IRS Finalizes Bonus Depreciation RulesOctober 20, 2020
Attention businesses…the Internal Revenue Service has released updated guidance on additional first year bonus depreciation. You’ll want to read up on how this will affect you.
The IRS has issued final regulations regarding bonus depreciation for businesses. The final guidance clarifies requirements that must be met for property to qualify for the deduction, and addresses recent legislative changes to the depreciation rules for qualified improvement property (QIP). Read up on the final regulations below.
First, some background:
What is bonus depreciation?
For income tax purposes, businesses can deduct their ordinary business expenses. But certain expenses — such as the cost of investing in machinery, equipment and other long-lived assets — can’t be immediately deducted. Instead, these costs generally must be capitalized (reported on the balance sheet), and then depreciated (expensed gradually over their useful lives).
The TCJA allows 100% bonus depreciation for qualifying new and used assets with recovery periods of 20 years or less that are placed in service between September 28, 2017, and December 31, 2022.
What is QIP?
QIP refers to an improvement to an interior portion of a nonresidential building that’s placed in service after the date the building was first placed in service.
Due to a drafting error in the TCJA, any QIP placed in service after December 31, 2017, wasn’t eligible for 100% bonus depreciation. Instead, the cost of QIP had to be deducted straight-line over a 39-year period.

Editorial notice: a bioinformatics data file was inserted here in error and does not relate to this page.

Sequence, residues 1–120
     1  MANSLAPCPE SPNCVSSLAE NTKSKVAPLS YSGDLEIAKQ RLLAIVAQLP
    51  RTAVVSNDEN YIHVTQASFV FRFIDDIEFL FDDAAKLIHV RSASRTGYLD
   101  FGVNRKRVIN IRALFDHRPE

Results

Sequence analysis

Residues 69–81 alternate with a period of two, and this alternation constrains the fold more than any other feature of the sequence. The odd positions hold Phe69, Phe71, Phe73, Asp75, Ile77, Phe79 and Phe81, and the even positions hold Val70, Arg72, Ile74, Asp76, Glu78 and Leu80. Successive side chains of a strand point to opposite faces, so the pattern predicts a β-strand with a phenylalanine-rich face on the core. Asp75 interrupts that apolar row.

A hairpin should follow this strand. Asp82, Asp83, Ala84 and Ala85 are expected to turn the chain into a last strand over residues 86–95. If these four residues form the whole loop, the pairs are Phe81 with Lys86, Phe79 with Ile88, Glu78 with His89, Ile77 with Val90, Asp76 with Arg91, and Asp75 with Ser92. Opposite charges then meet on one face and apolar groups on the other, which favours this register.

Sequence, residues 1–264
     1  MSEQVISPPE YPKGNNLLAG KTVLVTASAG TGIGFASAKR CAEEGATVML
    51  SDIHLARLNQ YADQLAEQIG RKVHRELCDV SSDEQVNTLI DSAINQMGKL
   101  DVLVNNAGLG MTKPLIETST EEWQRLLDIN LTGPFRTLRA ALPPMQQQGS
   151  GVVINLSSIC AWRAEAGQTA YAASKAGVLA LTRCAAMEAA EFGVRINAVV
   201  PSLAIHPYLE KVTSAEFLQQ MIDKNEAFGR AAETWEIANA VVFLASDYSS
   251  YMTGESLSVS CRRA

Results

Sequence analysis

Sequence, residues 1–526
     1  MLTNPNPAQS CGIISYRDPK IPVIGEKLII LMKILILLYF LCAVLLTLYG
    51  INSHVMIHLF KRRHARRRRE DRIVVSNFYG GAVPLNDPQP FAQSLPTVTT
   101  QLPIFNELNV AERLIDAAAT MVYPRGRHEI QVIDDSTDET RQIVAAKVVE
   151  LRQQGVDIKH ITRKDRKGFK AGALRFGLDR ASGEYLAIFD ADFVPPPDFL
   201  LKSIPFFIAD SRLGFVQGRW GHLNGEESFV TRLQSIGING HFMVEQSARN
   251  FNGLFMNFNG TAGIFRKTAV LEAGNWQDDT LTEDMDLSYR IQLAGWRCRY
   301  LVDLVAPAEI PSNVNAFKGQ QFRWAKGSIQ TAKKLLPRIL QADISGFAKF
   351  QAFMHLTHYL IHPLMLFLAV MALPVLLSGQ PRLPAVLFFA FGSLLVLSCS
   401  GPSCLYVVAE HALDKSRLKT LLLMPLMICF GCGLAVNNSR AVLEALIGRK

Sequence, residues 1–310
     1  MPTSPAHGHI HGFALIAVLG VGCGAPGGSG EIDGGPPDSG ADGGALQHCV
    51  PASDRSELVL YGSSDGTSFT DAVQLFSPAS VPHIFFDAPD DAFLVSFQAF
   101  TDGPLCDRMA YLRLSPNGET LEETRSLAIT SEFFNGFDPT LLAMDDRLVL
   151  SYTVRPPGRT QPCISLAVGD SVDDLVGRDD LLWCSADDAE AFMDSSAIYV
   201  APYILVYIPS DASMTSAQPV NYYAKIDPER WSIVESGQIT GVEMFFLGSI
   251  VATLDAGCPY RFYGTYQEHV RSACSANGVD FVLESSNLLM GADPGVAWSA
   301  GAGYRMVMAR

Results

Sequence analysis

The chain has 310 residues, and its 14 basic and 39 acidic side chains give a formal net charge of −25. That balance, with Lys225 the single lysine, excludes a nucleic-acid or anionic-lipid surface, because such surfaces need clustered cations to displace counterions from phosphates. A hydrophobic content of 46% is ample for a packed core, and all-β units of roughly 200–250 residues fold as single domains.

Fortunately, the CARES Act, signed into law on March 27, 2020, corrects the TCJA drafting error for QIP. Thus, most businesses now have the choice to either:
- Claim 100% bonus depreciation for QIP placed in service after December 31, 2017, or
- Depreciate the QIP placed in service after December 31, 2017, straight-line over 15 years.
What do the final regulations provide?
The final regulations clarify the requirements that must be met for property to qualify for the deduction, including used property.
The final regulations stipulate that property is treated as used if the taxpayer or predecessor had a depreciable interest in the property at any time prior to the acquisition (does not matter if the taxpayer or predecessor claimed depreciation deductions for the property). Only the five calendar years immediately prior to the taxpayer’s current placed-in-service year of the property are taken into account when determining this.
In addition, the regulations provide:
- Rules for consolidated groups.
- Rules for components acquired or self-constructed after September 27, 2017 (for larger self-constructed property for which manufacture, construction or production began before September 28, 2017).
- Rules for applying the mid-quarter convention under Section 168(d).
- Changes to the definitions of the 2019 final regulations for the terms QIP, predecessor and class of property:
- QIP must be made by the taxpayer.
- Predecessor is intended to be property specific.
- Class of property is meant to be partner-specific.
Questions on the final rules? We can help. Contact our team.